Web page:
How to Approve Radio Creative
You know your business. But, chances are you don’t know how to get it out there. You may think you know how to write a radio commercial. How hard could it be right? It’s just a 30 second message? The truth is it is very difficult to create an interesting & effective ad. Don’t forget how important your advertising is. It is not a simple little 30 second message. It is a very expensive tool. It may be inexpensive to create the original message. That’s probably why most people think they can do it themselves. But, it is very expensive to buy the air time you need to play that 30 second message. The next time you think you can write your own ad, think of how much it will cost you to air it. Are you sure you know what you’re doing enough to gamble that much money on it? If not, here’s a guide on how to get your message approved. Supply good information – Your commercial will only be as good as the info you supply your writer. If your business isn’t very interesting, you need to address that before you buy advertising. You need one unique exciting item to talk about. Make sure your writer knows what that is. Also, be prepared to be surprised if the creative team thinks your business is exciting for a different reason. Good creative people are like truffle pigs when it comes to interesting advertising points. If they dig up a nugget, there’s a good chance they’re right.
Trust – Trust your truffle pig. You do not need to like your radio ads for them to work. Sometimes you just need to trust the experts and let them do their thing. Creative people have the advantage of seeing thousands of campaigns in action. Most of those campaigns will be ones that they are not proud of. These are the ones that are forced through. They usually fail, and the medium (radio) takes the blame. It’s good to remember that your writer has seen many campaigns live and die. If you give them your trust, they can help you navigate the mine field.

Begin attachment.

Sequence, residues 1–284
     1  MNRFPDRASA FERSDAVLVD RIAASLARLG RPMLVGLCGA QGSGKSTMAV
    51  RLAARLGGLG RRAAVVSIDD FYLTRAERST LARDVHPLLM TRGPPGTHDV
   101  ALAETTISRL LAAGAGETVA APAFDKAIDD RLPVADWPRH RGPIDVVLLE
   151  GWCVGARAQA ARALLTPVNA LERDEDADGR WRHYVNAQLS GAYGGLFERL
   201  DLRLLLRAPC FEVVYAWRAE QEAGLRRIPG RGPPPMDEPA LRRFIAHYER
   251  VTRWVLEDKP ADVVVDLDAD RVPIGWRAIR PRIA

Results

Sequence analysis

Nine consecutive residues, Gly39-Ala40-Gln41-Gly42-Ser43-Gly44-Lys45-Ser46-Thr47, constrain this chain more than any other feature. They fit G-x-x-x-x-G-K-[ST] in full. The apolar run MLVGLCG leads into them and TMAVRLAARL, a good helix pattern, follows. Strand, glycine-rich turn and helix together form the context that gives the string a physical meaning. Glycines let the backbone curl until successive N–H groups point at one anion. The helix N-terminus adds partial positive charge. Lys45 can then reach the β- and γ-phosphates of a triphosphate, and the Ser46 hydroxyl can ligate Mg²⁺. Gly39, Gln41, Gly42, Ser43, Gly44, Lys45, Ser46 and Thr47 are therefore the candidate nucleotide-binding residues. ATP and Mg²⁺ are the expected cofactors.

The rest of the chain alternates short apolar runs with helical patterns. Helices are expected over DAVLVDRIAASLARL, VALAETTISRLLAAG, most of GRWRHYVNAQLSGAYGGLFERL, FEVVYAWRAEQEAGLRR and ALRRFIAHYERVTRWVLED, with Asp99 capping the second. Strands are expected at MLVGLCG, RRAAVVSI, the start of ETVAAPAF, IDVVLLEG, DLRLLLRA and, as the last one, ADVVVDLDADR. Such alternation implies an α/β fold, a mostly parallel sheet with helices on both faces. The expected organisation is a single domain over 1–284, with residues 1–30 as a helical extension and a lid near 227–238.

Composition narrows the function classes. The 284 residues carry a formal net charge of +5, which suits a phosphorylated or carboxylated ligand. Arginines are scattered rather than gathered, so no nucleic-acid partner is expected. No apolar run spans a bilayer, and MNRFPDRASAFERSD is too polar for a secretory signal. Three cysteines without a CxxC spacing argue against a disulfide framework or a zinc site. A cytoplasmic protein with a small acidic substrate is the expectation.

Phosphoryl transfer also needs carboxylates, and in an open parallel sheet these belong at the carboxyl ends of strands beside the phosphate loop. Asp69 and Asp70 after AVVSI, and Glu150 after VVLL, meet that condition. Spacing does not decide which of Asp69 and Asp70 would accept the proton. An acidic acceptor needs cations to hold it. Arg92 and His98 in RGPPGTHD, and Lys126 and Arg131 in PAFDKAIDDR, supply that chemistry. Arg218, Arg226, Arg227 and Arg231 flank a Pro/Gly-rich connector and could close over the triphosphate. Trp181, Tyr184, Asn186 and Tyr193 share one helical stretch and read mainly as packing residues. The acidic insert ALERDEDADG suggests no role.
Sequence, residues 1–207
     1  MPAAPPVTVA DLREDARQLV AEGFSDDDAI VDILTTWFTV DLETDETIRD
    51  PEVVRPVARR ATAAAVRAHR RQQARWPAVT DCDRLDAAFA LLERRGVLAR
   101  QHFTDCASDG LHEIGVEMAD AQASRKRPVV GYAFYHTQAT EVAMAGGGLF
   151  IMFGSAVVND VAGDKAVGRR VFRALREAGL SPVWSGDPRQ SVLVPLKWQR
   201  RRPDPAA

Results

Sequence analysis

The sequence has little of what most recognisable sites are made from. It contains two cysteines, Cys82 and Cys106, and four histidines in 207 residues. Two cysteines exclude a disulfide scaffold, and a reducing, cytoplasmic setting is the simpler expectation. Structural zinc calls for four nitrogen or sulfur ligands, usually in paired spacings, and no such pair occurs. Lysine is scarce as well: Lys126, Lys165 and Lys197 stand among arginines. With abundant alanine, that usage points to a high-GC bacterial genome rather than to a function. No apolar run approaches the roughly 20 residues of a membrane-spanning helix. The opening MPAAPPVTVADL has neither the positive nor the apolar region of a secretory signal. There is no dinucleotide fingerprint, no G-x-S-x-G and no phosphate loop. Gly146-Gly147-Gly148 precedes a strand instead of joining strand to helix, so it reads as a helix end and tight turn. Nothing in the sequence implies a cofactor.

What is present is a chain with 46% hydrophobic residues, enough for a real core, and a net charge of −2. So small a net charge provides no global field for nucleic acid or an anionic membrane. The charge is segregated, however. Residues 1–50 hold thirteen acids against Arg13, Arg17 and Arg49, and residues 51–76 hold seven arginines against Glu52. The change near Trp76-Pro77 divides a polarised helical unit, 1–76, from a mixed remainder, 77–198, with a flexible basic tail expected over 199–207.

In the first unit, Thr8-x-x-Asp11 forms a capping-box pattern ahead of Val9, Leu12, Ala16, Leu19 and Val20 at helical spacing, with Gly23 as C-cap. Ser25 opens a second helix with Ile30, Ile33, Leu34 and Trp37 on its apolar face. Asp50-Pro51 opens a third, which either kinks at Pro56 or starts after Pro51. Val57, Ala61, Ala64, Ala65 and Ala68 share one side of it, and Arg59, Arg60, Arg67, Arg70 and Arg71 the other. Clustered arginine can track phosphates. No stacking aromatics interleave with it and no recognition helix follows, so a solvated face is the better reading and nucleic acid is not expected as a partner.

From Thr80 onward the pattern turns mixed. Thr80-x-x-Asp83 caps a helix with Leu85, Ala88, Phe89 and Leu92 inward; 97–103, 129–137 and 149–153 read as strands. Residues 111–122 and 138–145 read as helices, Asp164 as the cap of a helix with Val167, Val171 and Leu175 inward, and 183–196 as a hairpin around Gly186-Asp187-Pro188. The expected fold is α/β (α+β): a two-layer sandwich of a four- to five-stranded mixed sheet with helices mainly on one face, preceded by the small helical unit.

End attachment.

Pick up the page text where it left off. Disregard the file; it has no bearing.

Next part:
Too many cooks – Don’t allow too many people into the creative process. The more people get connected into the circuit, the less effective it will be. Everyone will want their voice (and ideas) heard. Brainstorming with a large group is perfectly fine. But, when it’s time to get down to brass tacks, let as few people make decisions as possible. Don’t let your message get watered down by appeasing too many different opinions.
Too many cooks – This point needs to be put in twice because there are two ways a good commercial can die on the table with too many people. The previous point is meant to discourage you from using too many people in the creative process. You also need to have less people in the approval/decision making process. When you have your new commercial campaign in front of you, do not consult your employees/family/friends/dentist/neighbours. When you ask someone their opinion, they tend to want to say something more than “yup, it’s good.” They’ll put the commercial under a microscope and try to impart you with some fragment of knowledge that will dissuade you from something somewhere. They may not like the music, or the announcer, or this word, or that effect. In general, they will want to leave you with something. The more opinions you entertain, the poorer your commercial will become. Be confident. This is your business. One person should make each decision. I’ve already stated that it’s not necessary for you to like your own commercial for it to be effective. So, it is absolutely unimportant if anyone else in your life likes it. Trust in your creative team. They do this for a living.
Keep in mind, most of this only works if you’ve supplied yourself with a good creative team. Before you make your decision, make sure you trust your writer to make decisions about your company. Ask them why they wrote your commercial the way they did. Ask them why they think it will work. If they can’t explain to you why it will be effective, you need to find a new writer. I’d love to help you out with your creative. Drop me a line if you feel a little lost.